National / Politics

Japanese government budget requests for next year hit record ¥102.8 trillion


Overall general-account budget requests by government ministries and agencies for fiscal 2019 have hit a record high of ¥102.8 trillion, the Finance Ministry said Friday.

The actual total of budget requests for the year is certain to grow further. Government spending on measures to alleviate negative effects on the domestic economy of next October’s planned consumption tax hike will be considered separately.

The ministry is eyeing tougher scrutiny of budget requests compared to normal years in order to maintain fiscal discipline.

Requests exceeded ¥100 trillion for the fifth consecutive year.

The previous record of ¥102.4 trillion was posted for fiscal 2016. The ministry curbed the requests to set the initial budget size for the year at ¥96.7 trillion.

But there is a good chance that the fiscal 2019 initial budget will top ¥100 trillion for the first time, as the size of the envisaged economic measures is likely to exceed ¥1 trillion, people familiar with the matter said.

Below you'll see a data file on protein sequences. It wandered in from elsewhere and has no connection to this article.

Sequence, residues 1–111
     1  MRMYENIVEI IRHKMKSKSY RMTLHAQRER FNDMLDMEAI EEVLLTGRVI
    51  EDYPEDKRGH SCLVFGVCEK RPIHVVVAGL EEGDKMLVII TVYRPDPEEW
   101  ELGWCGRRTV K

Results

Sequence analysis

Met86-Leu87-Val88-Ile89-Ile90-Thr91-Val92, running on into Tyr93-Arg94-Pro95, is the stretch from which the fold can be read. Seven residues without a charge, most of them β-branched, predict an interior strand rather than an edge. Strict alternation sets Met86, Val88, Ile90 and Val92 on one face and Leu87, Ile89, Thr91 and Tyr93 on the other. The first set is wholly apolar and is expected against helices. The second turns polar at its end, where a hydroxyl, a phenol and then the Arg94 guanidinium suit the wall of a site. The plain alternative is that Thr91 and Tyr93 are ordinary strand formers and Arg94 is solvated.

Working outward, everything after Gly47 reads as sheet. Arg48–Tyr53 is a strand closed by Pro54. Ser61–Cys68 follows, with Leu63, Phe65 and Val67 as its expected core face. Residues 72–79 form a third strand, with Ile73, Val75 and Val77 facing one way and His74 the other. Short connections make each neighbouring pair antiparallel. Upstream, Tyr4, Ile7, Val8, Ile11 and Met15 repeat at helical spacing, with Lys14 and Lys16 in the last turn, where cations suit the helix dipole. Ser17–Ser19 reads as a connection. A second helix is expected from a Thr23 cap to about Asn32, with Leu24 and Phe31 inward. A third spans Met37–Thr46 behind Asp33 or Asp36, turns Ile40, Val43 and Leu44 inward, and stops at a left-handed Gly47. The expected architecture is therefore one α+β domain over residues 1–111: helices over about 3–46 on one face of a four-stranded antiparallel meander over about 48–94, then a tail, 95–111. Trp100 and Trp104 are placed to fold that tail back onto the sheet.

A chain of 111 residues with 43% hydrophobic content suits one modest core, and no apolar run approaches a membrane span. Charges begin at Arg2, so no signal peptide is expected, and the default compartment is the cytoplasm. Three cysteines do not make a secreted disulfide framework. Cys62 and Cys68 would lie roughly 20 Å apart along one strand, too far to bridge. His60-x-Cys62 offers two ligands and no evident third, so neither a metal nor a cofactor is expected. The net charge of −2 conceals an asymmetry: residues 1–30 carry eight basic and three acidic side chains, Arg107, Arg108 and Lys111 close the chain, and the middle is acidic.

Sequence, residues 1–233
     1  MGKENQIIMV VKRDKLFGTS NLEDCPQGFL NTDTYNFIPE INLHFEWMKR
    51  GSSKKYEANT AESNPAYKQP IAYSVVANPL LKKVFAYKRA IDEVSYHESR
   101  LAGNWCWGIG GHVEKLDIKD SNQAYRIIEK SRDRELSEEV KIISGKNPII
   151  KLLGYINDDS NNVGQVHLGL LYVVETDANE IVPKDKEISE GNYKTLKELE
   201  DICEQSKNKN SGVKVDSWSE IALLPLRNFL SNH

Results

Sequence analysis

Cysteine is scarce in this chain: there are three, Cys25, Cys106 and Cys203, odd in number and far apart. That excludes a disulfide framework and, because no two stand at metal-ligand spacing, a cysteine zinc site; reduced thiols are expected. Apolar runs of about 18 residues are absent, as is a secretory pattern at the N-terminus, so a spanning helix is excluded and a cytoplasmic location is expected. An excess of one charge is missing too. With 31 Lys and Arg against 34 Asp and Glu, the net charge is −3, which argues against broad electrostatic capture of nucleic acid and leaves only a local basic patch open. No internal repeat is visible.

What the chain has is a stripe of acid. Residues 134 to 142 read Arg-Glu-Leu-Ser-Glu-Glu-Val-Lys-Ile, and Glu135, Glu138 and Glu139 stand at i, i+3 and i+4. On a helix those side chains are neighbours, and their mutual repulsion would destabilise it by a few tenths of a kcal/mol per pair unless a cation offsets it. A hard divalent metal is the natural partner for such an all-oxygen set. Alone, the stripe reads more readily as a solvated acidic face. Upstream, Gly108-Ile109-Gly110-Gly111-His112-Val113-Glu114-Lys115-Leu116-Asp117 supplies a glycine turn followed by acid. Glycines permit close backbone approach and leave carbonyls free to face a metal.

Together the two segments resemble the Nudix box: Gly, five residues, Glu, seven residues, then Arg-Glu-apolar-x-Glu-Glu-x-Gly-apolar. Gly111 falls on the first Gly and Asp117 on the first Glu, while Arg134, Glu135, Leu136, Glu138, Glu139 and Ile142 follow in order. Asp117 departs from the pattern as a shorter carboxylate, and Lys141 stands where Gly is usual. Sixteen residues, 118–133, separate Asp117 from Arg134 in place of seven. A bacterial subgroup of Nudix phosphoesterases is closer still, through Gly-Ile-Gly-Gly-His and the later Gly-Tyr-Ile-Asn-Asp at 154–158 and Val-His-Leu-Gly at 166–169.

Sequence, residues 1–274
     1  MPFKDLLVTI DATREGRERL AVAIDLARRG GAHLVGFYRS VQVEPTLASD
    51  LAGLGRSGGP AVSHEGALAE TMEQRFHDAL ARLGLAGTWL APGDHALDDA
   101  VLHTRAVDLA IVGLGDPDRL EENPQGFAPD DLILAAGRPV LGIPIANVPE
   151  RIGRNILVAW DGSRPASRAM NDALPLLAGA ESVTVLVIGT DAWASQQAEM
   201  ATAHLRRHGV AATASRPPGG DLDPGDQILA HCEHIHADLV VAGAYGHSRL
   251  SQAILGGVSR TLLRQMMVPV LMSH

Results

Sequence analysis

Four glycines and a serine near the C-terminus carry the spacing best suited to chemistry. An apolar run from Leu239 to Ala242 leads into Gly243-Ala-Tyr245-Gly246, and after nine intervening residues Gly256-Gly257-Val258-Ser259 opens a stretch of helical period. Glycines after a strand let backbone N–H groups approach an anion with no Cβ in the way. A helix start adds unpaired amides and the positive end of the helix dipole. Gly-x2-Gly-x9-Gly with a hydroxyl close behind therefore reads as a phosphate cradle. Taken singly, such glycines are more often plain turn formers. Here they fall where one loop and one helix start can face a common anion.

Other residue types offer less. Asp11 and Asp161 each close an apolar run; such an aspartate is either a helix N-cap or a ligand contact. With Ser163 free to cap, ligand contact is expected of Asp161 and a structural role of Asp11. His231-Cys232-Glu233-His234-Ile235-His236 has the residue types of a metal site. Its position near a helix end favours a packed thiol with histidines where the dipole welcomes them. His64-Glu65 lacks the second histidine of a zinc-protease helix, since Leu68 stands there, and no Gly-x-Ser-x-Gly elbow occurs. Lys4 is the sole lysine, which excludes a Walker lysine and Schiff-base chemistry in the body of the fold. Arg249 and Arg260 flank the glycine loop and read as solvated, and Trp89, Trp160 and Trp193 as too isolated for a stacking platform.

Among government bodies, the Health, Labor and Welfare Ministry requested ¥31.9 trillion, following an increase in social security expenditures amid the country’s aging population.

The Defense Ministry requested ¥5.3 trillion against the backdrop of the persistent North Korean missile threat.

The two ministries’ budget requests both rewrote record highs, pushing up the total.

The government’s policy of promoting economic growth and human resources development helped increase the overall amount sought, drawing more than ¥4.3 trillion in requests for related programs.

Meanwhile, the combined requests for the zaito fiscal investment and loan program dropped 12.9 percent from the initial plan for the previous fiscal year to 12.6 trillion, the lowest level in the past 20 years, due to declining demand for the program amid the country’s economic recovery.

At a Fiscal System Council subcommittee meeting Friday, Finance Minister Taro Aso asked members to “tackle spending reform with a sense of crisis.”

Many participants called for an increase in fiscal consolidation efforts to secure funds to cope with frequently occurring natural disasters and prepare in the event of a financial crisis, according to former Internal Affairs Minister Hiroya Masuda, who serves as acting chairman of the subcommittee.